“What are those ends in a State? If material well-being, then there is an end to talk of patriotism, the nation, public opinion and the rest of it which, as we all very well know, men always have regarded and always will regard as the supreme matters of public interest”

    does not comport well with with Zippy’s “politics is essentially the art of resolving controverted cases.”

  • Zippy says:

    vishmehr24:
    Well, if Belloc said the moon is made of green cheese it must be made of green cheese.

  • jf12 says:

    How is it that “controverted cases” does not encompass “patriotism, the nation, public opinion and the rest of it [i.e. public interest]”?

    Is what is good about patriotism and the nation truly supposed to be a given? Certainly “public opinion” is nothing except controverted.

  • […] ironies of modernity is that when freedom is made a political priority, it inherently destroys subsidiarity and promotes centralized monolithic […]

  • […] Subsidiarity and freedom are unrelated. […]

  • vishmehr24 says:

    Zippy,
    It might be more useful to be precise where Belloc is objectionable.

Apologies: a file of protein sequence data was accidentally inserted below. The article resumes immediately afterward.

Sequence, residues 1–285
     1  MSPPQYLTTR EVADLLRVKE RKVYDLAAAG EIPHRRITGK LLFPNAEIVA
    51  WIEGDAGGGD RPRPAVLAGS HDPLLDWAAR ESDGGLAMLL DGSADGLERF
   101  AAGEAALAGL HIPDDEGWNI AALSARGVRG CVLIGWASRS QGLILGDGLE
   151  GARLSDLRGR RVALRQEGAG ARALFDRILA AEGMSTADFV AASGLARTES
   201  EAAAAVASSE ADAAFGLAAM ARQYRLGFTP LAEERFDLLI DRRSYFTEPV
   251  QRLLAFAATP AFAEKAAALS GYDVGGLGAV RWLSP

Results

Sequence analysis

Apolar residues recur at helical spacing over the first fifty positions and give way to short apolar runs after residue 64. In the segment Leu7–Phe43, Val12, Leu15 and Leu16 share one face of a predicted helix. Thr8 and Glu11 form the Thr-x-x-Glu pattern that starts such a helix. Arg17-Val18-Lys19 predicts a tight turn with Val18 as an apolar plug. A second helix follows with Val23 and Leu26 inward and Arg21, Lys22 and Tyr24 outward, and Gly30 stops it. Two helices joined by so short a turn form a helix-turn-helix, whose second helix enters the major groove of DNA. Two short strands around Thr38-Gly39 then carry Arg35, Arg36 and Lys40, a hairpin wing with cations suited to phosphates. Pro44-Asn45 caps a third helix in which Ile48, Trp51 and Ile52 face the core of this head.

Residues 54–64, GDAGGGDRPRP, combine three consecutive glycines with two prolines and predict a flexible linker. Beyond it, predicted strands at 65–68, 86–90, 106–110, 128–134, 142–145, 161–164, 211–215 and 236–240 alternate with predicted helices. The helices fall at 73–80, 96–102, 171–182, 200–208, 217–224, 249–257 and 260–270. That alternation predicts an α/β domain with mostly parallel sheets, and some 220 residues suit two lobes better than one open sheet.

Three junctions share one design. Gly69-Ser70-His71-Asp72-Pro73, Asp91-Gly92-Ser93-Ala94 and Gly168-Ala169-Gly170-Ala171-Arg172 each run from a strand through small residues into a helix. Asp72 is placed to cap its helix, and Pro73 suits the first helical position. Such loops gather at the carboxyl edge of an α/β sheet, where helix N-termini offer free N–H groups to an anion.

• JustSomeGuy says:

    @ vishmehr:

    I’d start with his suggestion that the “ends in a state” are either “material well-being” or “a sense of political freedom and of the power of the citizen to react upon the State”.

    Or anything other than The Good.

  • JustSomeGuy says:

    False dichotomy much?

  • Alte says:

    Put that procedure in the context of an explicitly Catholic government, and I believe it would probably work out pretty well.

    No, it wouldn’t. No human-led government “works out pretty well”. They are all formed by idealists and immediately start sliding into corruption and incompetence.

  • Mike T says:

    Personally, I think the Roman triumvirate was a pretty dang good procedure. It lacks the weakness of democracy in that it doesn’t allow popular opinion to determine morality, but it also places checks on possible outbreaks of tyranny (that is, enforcement of evil).